DRAMATIZING WHAT CANNOT BE KNOWN
Aerobic exercises for the cerebral cortex, Tom Stoppard’s daunting dramas (The Real Thing, Arcadia, The Invention of Love) go for the gray matter. In perpetual motion and unstoppable talk, they ponder, posit, propose, rebut and refute. But none so deliberately as his 2015 screed The Hard Problem. Now in an intriguing and exhausting Chicago premiere at Court Theatre, consummately orchestrated by Charles Newell, this 95-minute one-act tackles the title like a trouper. Can consciousness ever be caught in the act of creating our identities? Can it describe itself without in effect employing itself to do so? That is the question. As Australian philosopher David Chalmers puts it, “Physics explains chemistry, chemistry explains biology, biology explains parts of psychology.” But, like Keats’ beauty as truth, consciousness remains its own excuse for being.
Dismissed by some researchers as an irrelevant and reductionist pursuit of the unknown and unknowable, the “hard problem” drives questions like: Can a machine think? Can a computer be programmed to be a person? Are our personalities nothing more than an illusion of perception, the sum of millions of neural sequences which we collectively call consciousness (and, some will say, a soul)? Is all human experience just synapses meeting dendrites, a subterfuge that we mistake for our “inner life” at our peril? Is the mind just the brain?
Even more controversial is the issue of whether human goodness is a disguised form of individual self-interest. Is altruism merely a trick that genes learned by evolution to make us do good, not because virtue is its own reward, but for the betterment of the species? Paradoxically, are we most selfish when we ignore the fact that competition is the natural order of the biosphere that made us us? In the corporate world, which The Hard Problem marginally introduces, enlightened self-interest can still yield irrational panic and subversive speculation.
This behavior-science quandary goes to the heart of Stoppard’s protagonist Hilary (Chaon Cross), a young psychologist working on her own predictive theories of human behavior. Hilary’s application to and research at the prestigious (and vivisectionist) Krohl Institute for Brain Science advances the drama’s arguments as much as her career. Her quest is no abstract pursuit. She needs to believe in human beneficence in order to live with a sacrifice she made as a teenager for what she craves to believe was a greater good than a seeming evil. Can something like mother love, she wonders, be the product of a selfish gene?
Stirring the plot’s pot is the fact that Hilary’s materialistic tutor/boyfriend Spike (Jurgen Hooper), a hard-wired skeptic, takes issues with Hilary’s penchant for prayer and other unscientific activities. He dismisses Raphael’s “Madonna and Child” as “Woman Maximizing Gene Survival.” His purely biological mindset opposes Hilary’s subjectivism in the play’s challenging continuum of opinion. The other seven characters run the Stoppard gamut: a purist mathematician (Owais Ahmed); a cost-benefit, market-shorting tycoon looking for the perfect risk model to negotiate the 2008 business bubble (Nathan Hosner); a lesbian couple eager for all kinds of intelligence gathering (Celeste M. Cooper and Kate Fry); the department boss insisting on bias-free evidence from verifiable experiments (Brian McCaskill); an intern overly eager to produce the right results (Emjoy Gavino); and a teenager (Sophie Thatcher) who’s simply happy to be herself.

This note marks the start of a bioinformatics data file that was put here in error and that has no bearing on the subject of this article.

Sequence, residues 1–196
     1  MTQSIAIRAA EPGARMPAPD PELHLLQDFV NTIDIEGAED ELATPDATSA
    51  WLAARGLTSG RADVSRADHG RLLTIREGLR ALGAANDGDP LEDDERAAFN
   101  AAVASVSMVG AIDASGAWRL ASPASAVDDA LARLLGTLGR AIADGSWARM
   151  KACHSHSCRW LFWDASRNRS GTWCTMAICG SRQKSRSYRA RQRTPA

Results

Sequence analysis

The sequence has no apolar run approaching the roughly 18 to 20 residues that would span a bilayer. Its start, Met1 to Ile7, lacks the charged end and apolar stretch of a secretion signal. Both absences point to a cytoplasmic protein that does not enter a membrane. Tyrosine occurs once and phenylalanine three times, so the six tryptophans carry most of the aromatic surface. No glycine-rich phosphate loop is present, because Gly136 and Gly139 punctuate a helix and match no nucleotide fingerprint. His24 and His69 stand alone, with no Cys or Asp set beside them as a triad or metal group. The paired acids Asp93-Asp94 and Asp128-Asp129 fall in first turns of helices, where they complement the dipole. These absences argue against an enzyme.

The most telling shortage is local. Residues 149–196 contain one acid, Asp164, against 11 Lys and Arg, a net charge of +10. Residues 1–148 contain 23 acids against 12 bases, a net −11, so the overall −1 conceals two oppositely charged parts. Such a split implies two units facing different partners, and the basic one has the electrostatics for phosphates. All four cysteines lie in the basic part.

The plot, which ends satisfactorily (easy when little is at stake), is a mere pretext for these egos to bump ideas on, over and through each other. Nothing, Stoppard shows, can be concluded about consciousness: Like all things human, a script cannot step away from itself in order to discover its irreducible essence. Contrary to Pascal’s “I think therefore I am,” the act of knowing doesn’t necessarily imply a knower.
Some would argue that Stoppard’s introduction of God into his moral dilemmas muddies the waters: Hilary pushes all the right humanist and anti-scientific buttons: “Where in the brain does metaphor happen? Where is accountability and free will?” Worse, she always has divine intervention like an ace up her sleeve. Indeed the coincidences in this play suggest minor miracles in the making. For all its exegeses on game theory, natural selection, and the “prisoner’s dilemma,” the hard problem is harder than Stoppard will permit.
But, no question, Newell’s staging, suitably set in John Culbert’s sterile waiting room, is a smooth operation, a thinking machine in its own right that’s greater than the sum of its performers. Cross’s Hilary is a spunky and driven dreamer, her energy more eloquent than the fulminating dialogue. As always with Stoppard, the human touch gets us through his heavy haul–barely. If The Hard Problem succeeds, it’s as a theatrical demonstration of mind over matter.
The Hard Problem
Court Theatre, 5535 S. Ellis Avenue
Wed & Thurs at 7:30; Fri at 8;
Sat at 3 & 8; Sun at 2:30 & 7:30
scheduled to end on April 9, 2017
for tickets, call 773.753.4472 or visit Court Theatre
for more shows, visit Theatre in Chicago